Say H-E-C-K to being an intern
SLAVERY, they say, was abolished many years ago. Several employees would disagree.
From low-paid miners to under-educated domestic helpers, many are caught in the precarious trap between needy families and rapacious shareholders.
Side victims to this tendency can be interns, well-educated scholars and business-school movers and shakers looking for "work experience", itself an expression occasionally used to describe low wages. But interns are not, nor need they be, slaves.
Handled properly, an internship is like living together before marriage - sensible, provided the intentions are honourable and the research is exploratory, not exploitive.
Probation is an appalling term, suggesting as it does that there is mistrust and doubt on the part of the employer.
Nobody should serve a probationary term unless he has been convicted of a felony, in which case the probation is to prove that he has reformed.
New and recently qualified employees do not need reforming, they need educating and encouraging.
An employer who hedges his bets with a probationary term has already built a wall of suspicion that neither he, nor the employee, will ever be able to scale fully.
Internship is not probation. It is - or should be - a hand-in-hand exploration of the potential of the employee for the firm and, equally importantly, of the firm for the employee.
Just as you do not take your date for her first outing to a hawker stall, so the intern must not be shut in a cupboard and told to sort the mail.
These golden months can be eye-openers for both parties, leading to a quick exit if they don't gel, or a life-long working relationship if they do.
The biggest problem for interns is managing their expectations. Their employers are busy, probably overstretched.
Hiring an intern is like taking on an additional job - more work even if some routines are done by the new arrival.
The employer and intern need time to discuss what each expects of the other, what there is in it for both of them in the longer term and why the culture of the business is as they see it.
Understanding the culture of a business and its reason is at the heart of starting an internship.
If an employer doesn't volunteer it, the intern must ask about it.
Every trade and profession has its history and knowing how its style of behaviour and code of conduct came about is as important as learning the catechism before accepting a faith.
All this implies lucid interns capable of doing their homework, asking questions and delving beneath the surface of the job they are engaged to do.
Alas, universities, colleges and business schools turn out top brains, but not always top communicators.
The intern knows everything he needs to pass his exams.
What he is entering now is the ante-chamber to the blast furnace of business life.
Every experience comes but once, each chance will not be seen again. Observation, interest and questions are the order of the day.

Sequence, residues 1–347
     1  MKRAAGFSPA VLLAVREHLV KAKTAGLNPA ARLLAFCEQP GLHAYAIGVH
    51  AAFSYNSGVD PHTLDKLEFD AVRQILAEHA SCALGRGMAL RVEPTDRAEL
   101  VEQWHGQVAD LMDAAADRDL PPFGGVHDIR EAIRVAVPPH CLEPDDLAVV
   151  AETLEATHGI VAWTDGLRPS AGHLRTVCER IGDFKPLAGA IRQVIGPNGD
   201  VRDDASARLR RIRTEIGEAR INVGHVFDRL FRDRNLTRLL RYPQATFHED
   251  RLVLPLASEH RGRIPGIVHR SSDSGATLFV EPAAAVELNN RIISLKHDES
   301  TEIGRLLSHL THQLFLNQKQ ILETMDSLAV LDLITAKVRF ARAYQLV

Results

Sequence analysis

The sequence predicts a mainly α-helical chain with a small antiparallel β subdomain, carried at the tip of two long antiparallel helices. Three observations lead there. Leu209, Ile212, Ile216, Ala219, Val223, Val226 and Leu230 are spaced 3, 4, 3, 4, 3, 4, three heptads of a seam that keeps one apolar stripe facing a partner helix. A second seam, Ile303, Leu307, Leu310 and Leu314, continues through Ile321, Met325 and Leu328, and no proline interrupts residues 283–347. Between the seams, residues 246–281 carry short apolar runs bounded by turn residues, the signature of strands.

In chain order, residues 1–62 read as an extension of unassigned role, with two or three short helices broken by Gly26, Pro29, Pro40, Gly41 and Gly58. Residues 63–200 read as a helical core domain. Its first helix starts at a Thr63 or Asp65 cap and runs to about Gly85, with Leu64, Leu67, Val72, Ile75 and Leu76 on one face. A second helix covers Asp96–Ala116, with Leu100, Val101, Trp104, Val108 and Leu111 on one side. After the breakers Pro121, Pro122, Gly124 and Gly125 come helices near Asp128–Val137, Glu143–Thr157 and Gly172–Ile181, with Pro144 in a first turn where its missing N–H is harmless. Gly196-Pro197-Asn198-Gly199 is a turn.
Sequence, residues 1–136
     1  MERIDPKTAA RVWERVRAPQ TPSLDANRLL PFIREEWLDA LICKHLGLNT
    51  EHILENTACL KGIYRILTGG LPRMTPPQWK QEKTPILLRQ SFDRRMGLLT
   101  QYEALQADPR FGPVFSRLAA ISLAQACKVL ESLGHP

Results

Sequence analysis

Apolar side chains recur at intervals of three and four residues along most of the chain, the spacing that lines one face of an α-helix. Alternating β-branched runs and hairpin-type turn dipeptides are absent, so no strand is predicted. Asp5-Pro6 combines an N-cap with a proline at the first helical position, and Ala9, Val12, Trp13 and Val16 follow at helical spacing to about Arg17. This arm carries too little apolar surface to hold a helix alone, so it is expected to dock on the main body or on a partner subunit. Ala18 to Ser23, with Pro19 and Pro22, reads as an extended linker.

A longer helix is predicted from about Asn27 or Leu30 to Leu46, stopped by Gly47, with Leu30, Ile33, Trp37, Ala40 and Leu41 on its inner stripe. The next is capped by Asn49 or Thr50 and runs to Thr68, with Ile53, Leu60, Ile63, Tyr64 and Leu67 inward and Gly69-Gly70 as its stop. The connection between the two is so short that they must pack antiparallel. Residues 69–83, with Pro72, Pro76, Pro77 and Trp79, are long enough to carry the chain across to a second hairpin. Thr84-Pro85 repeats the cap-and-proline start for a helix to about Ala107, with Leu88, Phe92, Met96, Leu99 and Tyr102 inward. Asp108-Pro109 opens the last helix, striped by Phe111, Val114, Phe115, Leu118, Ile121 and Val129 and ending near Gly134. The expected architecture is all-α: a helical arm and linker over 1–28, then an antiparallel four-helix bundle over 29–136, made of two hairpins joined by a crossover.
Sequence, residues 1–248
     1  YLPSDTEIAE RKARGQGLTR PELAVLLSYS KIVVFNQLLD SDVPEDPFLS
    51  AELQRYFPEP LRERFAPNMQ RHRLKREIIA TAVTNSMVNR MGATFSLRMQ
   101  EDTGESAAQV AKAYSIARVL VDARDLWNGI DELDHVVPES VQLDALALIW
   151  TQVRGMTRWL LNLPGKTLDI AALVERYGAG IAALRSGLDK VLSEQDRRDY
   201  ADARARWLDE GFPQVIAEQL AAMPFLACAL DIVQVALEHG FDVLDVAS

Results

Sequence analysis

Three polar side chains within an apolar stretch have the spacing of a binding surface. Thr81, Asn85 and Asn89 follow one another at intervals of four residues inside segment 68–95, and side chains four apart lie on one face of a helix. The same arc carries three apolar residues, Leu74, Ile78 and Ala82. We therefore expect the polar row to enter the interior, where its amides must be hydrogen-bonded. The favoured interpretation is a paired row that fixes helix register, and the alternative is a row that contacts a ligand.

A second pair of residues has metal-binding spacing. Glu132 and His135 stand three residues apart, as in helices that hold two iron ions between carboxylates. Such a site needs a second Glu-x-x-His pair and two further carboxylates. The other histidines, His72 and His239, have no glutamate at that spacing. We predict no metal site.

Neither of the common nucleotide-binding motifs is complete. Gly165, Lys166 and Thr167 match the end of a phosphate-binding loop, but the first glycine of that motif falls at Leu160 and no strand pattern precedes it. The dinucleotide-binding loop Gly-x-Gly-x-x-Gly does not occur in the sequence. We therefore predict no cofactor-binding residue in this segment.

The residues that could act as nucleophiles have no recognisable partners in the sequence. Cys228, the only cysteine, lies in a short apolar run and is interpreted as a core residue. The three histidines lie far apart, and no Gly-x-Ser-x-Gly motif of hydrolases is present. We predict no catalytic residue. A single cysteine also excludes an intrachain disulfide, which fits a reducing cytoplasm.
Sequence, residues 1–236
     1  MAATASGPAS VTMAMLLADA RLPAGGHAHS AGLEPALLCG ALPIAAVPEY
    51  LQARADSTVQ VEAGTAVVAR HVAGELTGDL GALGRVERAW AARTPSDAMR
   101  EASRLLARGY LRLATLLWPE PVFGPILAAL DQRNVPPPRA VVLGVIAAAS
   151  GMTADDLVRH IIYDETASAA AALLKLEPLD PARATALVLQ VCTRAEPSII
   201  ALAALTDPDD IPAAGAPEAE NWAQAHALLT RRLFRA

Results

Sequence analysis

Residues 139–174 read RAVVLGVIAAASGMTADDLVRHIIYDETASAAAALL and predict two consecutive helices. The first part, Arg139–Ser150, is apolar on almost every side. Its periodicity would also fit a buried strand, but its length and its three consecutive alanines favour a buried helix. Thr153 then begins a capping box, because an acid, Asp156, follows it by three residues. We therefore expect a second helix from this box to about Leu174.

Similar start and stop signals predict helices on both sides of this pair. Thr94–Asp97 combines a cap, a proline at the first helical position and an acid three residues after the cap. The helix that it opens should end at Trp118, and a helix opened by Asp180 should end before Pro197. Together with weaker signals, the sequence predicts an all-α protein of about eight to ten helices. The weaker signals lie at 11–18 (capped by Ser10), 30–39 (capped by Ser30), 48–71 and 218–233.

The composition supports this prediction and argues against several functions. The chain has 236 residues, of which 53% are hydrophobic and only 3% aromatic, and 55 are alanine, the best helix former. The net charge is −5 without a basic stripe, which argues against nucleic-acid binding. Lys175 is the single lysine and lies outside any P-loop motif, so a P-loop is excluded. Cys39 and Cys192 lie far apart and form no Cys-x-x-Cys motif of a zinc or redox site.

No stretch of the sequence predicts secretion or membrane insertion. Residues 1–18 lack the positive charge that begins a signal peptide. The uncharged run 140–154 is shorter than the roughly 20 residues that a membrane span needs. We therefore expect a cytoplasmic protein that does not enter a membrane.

Without questions, an internship fails both parties.
Our aspiring intern is now equipped with background research on the organisation, with the interest and ability to ask questions, with an understanding of the importance of the culture of the business and trade and with modified expectations of what can be achieved in a limited time.
What are the three rules for joining a business, especially as an intern?
Humility tops the list. At 20, we know everything, at 30, a little less. By the time we reach 80, we start to realise how very little we actually know.
As a new boy or girl, you may have wonderful, creative ideas, excellent theory and a deep understanding of how to pass exams.
The people you are about to work with have had their lips pressed against life's bitter cup for years. They've seen it all before.
Ask them humbly the right questions and they will share their bumpy journey. That will help you more than all the lectures and theses you've seen.
Enthusiasm is the intern's second weapon. Valuable in any setting, it is a must for potential employers to see that you are keen on what they are doing and how they are doing it.
Demonstrating emotions and feelings is still somewhat alien to Asian society, but times are changing. Enthusiasm is infectious. You enthuse about them and they become enthusiastic about you.
At the end of your internship you want them begging you to stay. They will.
Courage is the intern's third weapon. You should ask questions whenever you do not understand something or the reason for it.
Teach yourself to smile, so you don't look like a tax inspector.
Try to see the positions they are in and the points of view your boss and your colleagues have.
Put yourself in their position. How would you handle you if you were them?
The courage to help guide your new employer is something that will determine whether you stay or drop out.
Knowledge is available to you 24/7/365. Use it, but be sure you know how to use it, where to access it and when to validate it.
Being smarter today involves using soft skills much more than before. Their correct use determines your ability to command. That is where you are heading.
When you join as an intern remember to say H-E-C-K - Humility, Enthusiasm, Courage and Knowledge. It will give you the best foundation for a successful future.
The writer is the chairman, CEO & founder mentor of Terrific Mentors International (http://www.TerrificMentors.com), a group of skilled mentors with significant management experience who share a passion for reviving balance sheets by restoring human spirits.